You had an x-ray at the dentist office years ago. You still remember seeing the strange contrast of your teeth against the black background. But the last time you had a dental check-up, your dentist recommended having a cone beam CT scan (CBCT).
The machine looked totally different and it made you feel uneasy. Is all this really necessary?
So what’s the difference between a CBCT scan and a standard x-ray? And why can’t your dentist use a normal x-ray to look at your mouth?
What Are the Different Types of Dental X-Rays?
The gold standard in dentist offices up and down the country used to be the standard x-ray. Now, technologies have moved on, and dentists have a wider range of imaging machines to choose from.
Intraoral x-rays along with the panoramic x-ray are the old standard, and extraoral x-rays are the new guard – often used to detect TMJ and Airway problems in the jaw and throat. For the purpose of brevity, I have not gone into detail with every extraoral imaging machine, but here I cover the main types.
- Periapical x-rays: the most common type of x-ray taken at the dentist office, these x-rays show the whole tooth – usually in clusters in one portion of your upper or lower jaw. Because this is a pinpoint technique, it’s not suitable to image your entire mouth.
- Bite-wing x-rays: this is an image of both the upper and lower teeth in one area of your mouth. Each image shows the dentist your teeth from the crown to the supporting bone of the jaw.
- Occlusal x-rays: this is used to map and find any changes in the shape of your arches in either the upper or lower jaw.
- Tomograms: a specialized type of x-ray that shows a particular layer of your mouth, helpful for dentists to examine specific structures normally hidden, but rarely used today.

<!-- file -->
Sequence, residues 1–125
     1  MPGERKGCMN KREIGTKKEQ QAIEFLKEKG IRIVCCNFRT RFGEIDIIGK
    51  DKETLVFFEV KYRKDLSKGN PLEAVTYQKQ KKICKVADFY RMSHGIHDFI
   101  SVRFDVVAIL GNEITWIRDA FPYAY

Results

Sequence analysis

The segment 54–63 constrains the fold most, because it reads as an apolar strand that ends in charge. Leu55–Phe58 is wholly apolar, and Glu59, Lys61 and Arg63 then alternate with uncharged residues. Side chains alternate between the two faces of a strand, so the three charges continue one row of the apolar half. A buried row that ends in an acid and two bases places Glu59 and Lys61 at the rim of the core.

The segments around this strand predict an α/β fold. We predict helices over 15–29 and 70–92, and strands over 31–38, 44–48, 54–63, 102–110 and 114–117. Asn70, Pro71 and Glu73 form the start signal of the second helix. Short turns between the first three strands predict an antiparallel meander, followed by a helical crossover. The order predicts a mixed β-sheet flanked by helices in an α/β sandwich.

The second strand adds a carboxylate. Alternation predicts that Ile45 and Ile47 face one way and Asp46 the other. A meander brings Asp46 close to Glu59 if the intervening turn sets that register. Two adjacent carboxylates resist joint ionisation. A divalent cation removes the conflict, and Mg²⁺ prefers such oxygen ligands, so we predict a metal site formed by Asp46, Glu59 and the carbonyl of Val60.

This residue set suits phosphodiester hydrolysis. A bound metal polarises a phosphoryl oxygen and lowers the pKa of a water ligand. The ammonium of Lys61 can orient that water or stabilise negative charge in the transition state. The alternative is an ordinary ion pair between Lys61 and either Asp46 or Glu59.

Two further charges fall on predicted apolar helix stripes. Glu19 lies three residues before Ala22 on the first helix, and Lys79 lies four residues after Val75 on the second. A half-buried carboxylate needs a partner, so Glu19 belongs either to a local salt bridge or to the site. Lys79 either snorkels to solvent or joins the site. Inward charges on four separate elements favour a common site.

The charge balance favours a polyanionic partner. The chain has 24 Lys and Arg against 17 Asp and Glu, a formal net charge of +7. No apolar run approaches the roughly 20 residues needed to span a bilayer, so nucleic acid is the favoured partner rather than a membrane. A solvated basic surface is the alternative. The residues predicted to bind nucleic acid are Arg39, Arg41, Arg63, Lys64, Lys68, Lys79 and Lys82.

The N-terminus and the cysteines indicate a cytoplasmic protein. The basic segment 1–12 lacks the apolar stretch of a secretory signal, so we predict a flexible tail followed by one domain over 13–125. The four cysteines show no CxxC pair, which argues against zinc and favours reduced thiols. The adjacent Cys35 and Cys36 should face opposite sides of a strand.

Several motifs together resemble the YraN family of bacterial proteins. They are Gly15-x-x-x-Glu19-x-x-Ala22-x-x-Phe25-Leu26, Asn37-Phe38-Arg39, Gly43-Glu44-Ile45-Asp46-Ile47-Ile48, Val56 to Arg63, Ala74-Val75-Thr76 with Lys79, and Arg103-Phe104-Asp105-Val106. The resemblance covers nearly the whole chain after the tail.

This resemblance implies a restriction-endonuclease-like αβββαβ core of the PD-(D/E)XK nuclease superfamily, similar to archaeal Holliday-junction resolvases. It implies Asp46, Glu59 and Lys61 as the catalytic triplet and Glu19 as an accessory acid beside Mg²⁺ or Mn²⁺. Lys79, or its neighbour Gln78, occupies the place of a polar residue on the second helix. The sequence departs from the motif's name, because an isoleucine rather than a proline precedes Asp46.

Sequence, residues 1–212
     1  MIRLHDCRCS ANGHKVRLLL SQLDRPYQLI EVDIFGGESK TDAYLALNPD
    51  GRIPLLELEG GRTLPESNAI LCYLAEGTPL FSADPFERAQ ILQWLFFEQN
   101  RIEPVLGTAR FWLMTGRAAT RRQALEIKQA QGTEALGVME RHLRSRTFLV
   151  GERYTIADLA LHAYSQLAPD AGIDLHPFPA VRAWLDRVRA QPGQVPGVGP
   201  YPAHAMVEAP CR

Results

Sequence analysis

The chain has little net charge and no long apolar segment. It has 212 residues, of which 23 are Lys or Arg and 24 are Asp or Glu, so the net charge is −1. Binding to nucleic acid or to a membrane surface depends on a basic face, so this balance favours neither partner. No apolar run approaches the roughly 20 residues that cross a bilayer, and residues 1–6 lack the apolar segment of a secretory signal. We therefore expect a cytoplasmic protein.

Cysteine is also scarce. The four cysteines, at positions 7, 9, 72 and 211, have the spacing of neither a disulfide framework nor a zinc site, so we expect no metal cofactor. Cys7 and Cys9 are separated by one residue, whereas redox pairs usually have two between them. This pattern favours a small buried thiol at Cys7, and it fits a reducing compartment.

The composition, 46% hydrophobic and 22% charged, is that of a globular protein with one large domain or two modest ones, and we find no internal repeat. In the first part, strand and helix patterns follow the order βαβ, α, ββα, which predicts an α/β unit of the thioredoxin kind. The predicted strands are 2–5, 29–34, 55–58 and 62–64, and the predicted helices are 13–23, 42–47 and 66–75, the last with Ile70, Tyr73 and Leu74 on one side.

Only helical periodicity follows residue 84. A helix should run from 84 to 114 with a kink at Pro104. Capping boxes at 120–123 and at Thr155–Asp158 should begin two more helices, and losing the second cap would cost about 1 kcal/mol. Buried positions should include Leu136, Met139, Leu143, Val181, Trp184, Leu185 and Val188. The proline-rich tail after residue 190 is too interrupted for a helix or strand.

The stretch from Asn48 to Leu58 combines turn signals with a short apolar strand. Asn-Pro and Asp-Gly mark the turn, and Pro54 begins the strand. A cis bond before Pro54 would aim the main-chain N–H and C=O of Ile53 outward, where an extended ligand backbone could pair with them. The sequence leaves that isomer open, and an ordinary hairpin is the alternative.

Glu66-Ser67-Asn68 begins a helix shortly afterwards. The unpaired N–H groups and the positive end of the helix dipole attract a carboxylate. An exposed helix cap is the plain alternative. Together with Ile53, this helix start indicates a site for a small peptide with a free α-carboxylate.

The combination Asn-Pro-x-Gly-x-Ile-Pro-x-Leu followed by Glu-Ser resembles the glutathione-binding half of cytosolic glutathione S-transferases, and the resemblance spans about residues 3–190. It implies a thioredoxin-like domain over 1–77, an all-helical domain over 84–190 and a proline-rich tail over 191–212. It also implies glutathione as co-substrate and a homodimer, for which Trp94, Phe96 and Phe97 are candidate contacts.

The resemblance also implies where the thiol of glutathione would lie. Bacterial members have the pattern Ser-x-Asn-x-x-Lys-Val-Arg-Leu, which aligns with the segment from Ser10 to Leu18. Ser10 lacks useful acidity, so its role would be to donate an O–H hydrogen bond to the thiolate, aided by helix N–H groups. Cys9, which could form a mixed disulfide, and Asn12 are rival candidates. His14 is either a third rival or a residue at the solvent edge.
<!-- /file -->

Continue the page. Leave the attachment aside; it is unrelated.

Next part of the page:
- Panoramic x-rays: the classic image of all your teeth in both your upper and lower jaw. The image is a convenient way for your dentist to see everything on a single x-ray, helping them to spot emerging teeth, impacted teeth, and possible tumors.
- Dental computed tomography (CT): game-changing imaging that allows your dentist to look at the interior of your mouth in 3D. The imaging helps your dentist find cysts, tumors, and fractures.
- Cone beam computed tomography (CBCT): also creates 3D images, but displays soft tissue, airway, and bone as well as dental structures. Using CBCT your dentist can evaluate tooth implant placement, and discover issues with your gums, roots of teeth, jaw, as well as tonsils, adenoids, deviated septum and enlarged turbinates.
- MRI imaging: a type of 3D imaging that is useful for soft tissue evaluation of the oral cavity.
What Is the Difference Between CBCT and CT?
Dental CT and cone beam CT are types of x-ray that created 3D images of your mouth. CBCT cuts the radiation exposure dramatically when compared to medical CT. Both forms are superior to the intraoral panoramic x-rays, as they help your dentist in doing the following:
- Providing accurate measurements, including shape and dimensions of your jaw – which is useful for dental implant surgery, and taking measurements for oral appliances.